An item sometimes mailed out by televangelists - primarily those associated with the Word-Faith Movement. They claim that God may provide healing through the prayed-over cloths. They base the practice on this Bible passage:
God did extraordinary miracles through Paul, so that even handkerchiefs and aprons that had touched him were taken to the sick, and their illnesses were cured and the evil spirits left them.
Acts 19:11-12 NIV
Evangelist and Faith Healer Oral Roberts used to mail these cloths imprinted with the following message:
"I prayed over this cloth for God to deliver you--use as a point of contact (Acts 19:11-12). Oral Roberts, Tulsa 2, Okla. It is not necessary to wear the cloth unless you feel you should. It can be used more than once or for more than one person. If you wish to request more, I will be glad to send them to you. The important thing is to use the cloth as a point of contact for the body ... I have prayed over this cloth in the name of Jesus of Nazareth and asked Him to heal you when you apply it to your body."
This practice is often abused by money-hungry "evangelists." For example, in 1992, Marilyn Hickey mailed out prayer cloths that, according to the letter, would only work if returned to her along with a seed-faith offer... According to Hickey, "Receiving follows giving."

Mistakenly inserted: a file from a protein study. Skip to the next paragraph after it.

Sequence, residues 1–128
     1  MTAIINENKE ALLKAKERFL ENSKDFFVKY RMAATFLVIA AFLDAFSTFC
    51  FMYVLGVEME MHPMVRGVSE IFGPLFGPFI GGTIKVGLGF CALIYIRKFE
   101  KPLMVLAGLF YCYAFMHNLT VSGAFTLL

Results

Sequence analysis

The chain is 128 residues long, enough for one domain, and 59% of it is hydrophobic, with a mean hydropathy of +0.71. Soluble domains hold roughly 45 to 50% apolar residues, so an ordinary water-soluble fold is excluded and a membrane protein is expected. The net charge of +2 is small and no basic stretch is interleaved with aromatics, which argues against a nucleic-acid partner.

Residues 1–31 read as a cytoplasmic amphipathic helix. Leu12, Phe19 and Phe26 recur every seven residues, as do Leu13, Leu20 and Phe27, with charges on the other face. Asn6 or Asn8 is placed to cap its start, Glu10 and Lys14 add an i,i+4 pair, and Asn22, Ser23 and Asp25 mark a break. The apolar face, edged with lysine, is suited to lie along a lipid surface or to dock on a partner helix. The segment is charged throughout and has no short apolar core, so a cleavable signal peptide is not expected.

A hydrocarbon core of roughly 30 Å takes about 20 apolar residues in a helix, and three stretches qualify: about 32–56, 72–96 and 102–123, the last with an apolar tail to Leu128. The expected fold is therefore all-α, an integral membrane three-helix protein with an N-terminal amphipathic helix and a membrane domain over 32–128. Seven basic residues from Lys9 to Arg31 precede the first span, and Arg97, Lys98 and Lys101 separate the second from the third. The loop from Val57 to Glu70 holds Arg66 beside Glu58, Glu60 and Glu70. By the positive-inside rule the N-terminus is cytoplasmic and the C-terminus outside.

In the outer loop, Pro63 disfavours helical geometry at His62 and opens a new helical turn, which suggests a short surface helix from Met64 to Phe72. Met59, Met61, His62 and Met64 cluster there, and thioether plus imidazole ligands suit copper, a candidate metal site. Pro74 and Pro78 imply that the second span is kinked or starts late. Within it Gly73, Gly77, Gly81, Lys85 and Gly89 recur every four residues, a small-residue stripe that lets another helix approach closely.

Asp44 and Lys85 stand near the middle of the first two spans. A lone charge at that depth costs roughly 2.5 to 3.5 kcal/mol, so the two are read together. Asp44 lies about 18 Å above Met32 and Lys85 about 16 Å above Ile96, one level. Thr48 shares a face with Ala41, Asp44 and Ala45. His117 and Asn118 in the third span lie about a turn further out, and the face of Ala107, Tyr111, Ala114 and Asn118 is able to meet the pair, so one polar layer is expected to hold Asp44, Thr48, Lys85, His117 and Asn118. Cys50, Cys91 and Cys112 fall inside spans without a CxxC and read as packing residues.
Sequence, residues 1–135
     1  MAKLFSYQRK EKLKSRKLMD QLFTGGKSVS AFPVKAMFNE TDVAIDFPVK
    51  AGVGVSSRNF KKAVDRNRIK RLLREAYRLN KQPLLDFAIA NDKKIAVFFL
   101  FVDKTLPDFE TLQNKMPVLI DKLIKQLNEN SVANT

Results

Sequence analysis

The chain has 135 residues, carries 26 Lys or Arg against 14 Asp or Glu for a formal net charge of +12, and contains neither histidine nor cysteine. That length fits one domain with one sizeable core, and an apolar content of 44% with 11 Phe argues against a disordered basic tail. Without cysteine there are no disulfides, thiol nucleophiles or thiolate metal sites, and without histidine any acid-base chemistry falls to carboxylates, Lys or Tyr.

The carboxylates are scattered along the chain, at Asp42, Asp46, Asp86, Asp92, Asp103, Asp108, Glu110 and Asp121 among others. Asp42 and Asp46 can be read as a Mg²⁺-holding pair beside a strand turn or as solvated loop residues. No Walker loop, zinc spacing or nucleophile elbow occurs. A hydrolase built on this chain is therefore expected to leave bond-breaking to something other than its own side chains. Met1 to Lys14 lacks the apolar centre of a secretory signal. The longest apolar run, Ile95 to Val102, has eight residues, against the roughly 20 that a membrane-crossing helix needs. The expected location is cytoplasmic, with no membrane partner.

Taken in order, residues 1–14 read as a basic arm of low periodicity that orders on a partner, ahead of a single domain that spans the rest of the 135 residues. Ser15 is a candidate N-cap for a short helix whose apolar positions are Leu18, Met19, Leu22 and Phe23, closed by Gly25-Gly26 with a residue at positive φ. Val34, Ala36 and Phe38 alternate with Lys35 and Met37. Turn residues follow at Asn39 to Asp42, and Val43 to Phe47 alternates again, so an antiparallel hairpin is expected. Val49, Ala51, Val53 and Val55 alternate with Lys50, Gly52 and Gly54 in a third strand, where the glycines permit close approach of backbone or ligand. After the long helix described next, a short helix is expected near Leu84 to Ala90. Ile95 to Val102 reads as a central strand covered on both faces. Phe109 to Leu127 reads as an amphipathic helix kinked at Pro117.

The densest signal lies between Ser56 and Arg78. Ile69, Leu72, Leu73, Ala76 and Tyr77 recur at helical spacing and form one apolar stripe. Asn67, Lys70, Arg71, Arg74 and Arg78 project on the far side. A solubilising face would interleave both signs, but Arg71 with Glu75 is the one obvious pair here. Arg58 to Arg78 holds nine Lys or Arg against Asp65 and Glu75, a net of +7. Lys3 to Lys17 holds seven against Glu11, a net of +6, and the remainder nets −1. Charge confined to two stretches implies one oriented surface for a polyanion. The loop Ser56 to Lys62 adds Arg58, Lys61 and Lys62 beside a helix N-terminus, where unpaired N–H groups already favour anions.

Prayer of Jabez, The

 referral See this page


In certain movements, notably those associated with today's renewal and revival movements, "pregnancy" is part of the terminology indicating that - they claim - God is birthing something spiritual in or through them (or a movement, church, denomination, etcetera). More at birthing

ChristianAcademic Premise

Online journal published by Christian Think Tank CAPO Click for more information on this entry

Aberrational, Heretical, Heterodox, Suborthodox or Unorthodox Price, Frederick

Prominent Word-Faith teacher

Private Spirituality

See Cafeteria Religion

Probe Ministries

Probe Ministries is a non-profit corporation whose mission is to reclaim the primacy of Christian thought and values in Western culture through media, education, and literature. In seeking to accomplish this mission, Probe provides perspective on the integration of the academic disciplines and historic Christianity. In addition, Probe acts as a clearing house, communicating the results of its research to the church and society at large."


Commercial company falsely accused of supporting the Satanic Church.
NOTE: Recently, a new version of the rumor mentioned has surfaced. This time it is claimed that an unnamed P&G executive appeared on the Sally Jessy Raphael television talk show in March 1998, embracing Satanism. The rumor is false. It is debunked on the home page of the Sally Jessy Raphael Show (Accessed August 10, 1999), as well as in the site's FAQ section:
Sally listens: